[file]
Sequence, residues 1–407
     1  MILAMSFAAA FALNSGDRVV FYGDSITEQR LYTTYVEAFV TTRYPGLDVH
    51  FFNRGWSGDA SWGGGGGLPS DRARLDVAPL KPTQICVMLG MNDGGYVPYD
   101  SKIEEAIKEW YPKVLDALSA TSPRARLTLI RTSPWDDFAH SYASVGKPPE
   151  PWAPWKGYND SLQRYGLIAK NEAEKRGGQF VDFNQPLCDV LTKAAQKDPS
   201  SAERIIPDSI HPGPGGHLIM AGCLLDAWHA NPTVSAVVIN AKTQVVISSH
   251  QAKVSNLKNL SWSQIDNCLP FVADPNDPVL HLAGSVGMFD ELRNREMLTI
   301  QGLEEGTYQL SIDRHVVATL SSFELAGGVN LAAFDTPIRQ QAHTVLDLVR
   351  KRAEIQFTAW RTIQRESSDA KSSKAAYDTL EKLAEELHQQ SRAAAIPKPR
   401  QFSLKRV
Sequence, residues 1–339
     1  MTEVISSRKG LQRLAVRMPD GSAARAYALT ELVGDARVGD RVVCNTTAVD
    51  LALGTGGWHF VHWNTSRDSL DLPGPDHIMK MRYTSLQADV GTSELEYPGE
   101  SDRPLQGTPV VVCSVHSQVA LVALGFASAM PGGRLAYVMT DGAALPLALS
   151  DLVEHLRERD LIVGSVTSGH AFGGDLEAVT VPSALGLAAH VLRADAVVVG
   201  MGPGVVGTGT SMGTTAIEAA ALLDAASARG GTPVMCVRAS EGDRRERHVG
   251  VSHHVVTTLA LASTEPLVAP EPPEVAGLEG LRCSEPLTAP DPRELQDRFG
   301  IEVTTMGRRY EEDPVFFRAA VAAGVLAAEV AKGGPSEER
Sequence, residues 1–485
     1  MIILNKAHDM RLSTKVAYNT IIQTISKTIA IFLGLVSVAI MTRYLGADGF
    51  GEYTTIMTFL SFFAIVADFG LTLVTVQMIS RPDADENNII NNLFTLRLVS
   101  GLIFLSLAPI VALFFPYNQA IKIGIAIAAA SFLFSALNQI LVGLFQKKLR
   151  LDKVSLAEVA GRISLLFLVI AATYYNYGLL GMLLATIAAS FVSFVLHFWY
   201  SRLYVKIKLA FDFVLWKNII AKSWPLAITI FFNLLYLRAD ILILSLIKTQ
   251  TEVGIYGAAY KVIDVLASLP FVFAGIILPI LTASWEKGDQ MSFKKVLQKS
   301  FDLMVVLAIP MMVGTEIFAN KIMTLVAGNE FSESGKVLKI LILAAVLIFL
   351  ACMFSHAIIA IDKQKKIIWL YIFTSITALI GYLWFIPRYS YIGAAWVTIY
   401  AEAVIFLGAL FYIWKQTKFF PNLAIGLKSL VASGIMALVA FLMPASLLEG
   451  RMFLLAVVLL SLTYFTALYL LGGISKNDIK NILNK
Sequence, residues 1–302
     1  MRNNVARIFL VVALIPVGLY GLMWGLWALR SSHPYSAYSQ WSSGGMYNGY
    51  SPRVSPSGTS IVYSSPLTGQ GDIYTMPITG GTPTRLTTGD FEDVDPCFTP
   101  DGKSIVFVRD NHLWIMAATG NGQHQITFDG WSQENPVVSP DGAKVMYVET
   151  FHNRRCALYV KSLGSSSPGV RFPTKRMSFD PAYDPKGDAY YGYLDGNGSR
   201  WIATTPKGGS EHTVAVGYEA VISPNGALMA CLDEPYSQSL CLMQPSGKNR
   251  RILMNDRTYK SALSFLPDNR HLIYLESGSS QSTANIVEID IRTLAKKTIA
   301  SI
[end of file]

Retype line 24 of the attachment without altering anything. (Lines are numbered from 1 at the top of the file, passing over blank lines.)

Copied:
   201  SRLYVKIKLA FDFVLWKNII AKSWPLAITI FFNLLYLRAD ILILSLIKTQ